Athletes Who Take Human Growth Hormones for Competitive Edge Derive Little Benefit, Studies Show
March 18, 2008 -- Athletes who risk their careers and reputations by taking human growth hormones may be getting little in return, a new research review suggests.
Combined results from 27 studies did not support the claim that taking human growth hormones boosts athletic performance.
Short-term use of growth hormones was associated with increases in lean body mass, but not improvements in strength.
And there was even some suggestion that human growth hormone worsened exercise performance.
The studies were small and of short duration, with the longest lasting just 84 days.
Larger, longer studies are needed to conclusively determine whether growth hormone improves athletic performance, and if so, at what cost, researcher Hau Liu, MD, MPH, tells WebMD.
"Based on the current literature, we found no evidence that human growth hormones improved exercise capacity or athletic performance," he says.
Human Growth Hormone Studies
Human growth hormone is produced naturally in the body, and is essential for growth and development. A synthetic version, available since 1985, is used to treat growth hormone deficiency and other medical conditions.
Athletes take it in the belief that growth hormones will improve their performance and help them recover more quickly from injury.
But they are acting on faith, because the research doesn't prove these claims, Liu says.
The studies reviewed by Liu and colleagues from California’s Santa Clara Valley Medical Center and Stanford University included 303 physically fit healthy people -- mostly young men -- given growth hormone treatment either by injection or infusion.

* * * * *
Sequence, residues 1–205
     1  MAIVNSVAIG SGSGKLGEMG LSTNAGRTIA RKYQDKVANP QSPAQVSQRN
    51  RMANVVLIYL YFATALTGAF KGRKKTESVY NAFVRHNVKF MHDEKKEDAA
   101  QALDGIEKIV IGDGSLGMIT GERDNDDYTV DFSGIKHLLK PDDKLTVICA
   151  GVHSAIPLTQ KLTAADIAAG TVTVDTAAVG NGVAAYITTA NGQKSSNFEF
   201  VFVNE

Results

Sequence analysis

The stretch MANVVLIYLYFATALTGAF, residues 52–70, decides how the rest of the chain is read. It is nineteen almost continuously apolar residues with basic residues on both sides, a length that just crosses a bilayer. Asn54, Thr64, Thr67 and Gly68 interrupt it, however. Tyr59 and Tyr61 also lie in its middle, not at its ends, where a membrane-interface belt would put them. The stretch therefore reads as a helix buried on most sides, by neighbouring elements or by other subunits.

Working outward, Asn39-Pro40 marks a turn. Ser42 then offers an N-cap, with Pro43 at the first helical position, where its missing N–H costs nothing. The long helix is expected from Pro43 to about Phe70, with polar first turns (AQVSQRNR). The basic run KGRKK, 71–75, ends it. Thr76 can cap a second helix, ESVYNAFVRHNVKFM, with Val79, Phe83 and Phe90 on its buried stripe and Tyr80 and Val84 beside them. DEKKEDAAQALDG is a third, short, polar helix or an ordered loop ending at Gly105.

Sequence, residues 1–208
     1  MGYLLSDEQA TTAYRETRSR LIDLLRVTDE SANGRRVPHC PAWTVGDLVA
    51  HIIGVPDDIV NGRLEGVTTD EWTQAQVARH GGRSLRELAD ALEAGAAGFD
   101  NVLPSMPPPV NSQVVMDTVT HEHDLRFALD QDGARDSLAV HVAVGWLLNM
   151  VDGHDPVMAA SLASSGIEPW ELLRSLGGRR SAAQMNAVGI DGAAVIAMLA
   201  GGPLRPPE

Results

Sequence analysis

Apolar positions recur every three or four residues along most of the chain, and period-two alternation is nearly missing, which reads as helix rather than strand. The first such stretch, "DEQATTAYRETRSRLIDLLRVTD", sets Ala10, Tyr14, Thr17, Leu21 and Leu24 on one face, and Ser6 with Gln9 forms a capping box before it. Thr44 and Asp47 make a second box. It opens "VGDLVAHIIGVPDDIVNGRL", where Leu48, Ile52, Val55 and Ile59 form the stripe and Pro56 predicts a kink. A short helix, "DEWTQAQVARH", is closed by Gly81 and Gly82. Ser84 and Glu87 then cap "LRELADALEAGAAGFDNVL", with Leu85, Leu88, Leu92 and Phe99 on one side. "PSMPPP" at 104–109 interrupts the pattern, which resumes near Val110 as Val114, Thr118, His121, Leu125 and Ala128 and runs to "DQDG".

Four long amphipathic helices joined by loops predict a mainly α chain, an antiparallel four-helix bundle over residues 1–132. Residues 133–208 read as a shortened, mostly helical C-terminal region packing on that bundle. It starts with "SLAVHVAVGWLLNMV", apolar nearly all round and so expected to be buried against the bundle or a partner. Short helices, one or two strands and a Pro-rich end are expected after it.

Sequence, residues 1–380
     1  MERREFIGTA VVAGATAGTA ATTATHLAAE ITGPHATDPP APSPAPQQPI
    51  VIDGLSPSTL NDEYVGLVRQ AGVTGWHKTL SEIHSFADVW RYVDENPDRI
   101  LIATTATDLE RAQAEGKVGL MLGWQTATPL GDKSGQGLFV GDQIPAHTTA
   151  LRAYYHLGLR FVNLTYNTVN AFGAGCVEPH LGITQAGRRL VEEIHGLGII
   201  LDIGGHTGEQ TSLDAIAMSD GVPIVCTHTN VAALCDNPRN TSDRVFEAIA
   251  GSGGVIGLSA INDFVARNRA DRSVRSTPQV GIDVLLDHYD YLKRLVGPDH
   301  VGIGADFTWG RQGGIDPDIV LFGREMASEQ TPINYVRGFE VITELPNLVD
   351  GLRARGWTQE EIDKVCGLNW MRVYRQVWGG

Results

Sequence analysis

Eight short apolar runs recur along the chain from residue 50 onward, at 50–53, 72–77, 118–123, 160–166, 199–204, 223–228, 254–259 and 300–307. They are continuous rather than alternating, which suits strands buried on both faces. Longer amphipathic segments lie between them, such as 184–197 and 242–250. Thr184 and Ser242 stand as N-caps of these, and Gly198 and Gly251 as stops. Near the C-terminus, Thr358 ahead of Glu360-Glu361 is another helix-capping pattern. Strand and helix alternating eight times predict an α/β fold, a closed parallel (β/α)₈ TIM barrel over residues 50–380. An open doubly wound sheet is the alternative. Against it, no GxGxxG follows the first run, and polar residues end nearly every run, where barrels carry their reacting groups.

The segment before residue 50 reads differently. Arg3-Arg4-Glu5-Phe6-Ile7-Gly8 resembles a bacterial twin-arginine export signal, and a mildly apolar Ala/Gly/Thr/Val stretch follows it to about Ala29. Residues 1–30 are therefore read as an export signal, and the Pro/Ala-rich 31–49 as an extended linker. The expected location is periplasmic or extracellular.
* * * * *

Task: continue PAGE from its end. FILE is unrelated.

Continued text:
The participants were followed for one month to just under three months to determine if the growth hormone affected body composition, strength, metabolism, and exercise capacity.
Although growth hormone use did seem to lead to increases in lean body mass, it did not appear to improve muscle strength.
And Liu says two of three studies examining exercise performance showed growth-hormone-treated patients had higher lactate levels than untreated control subjects, which could be indicative of diminished exercise capacity. Growth-hormone-treated participants also reported more fatigue.
The study appears in the May 20 issue of the Annals of Internal Medicine, but it was released online today.
"More research, including identification and evaluation of the real-world growth hormone doping protocols, is warranted to definitively determine the effects of growth hormone on athletic performance," they write.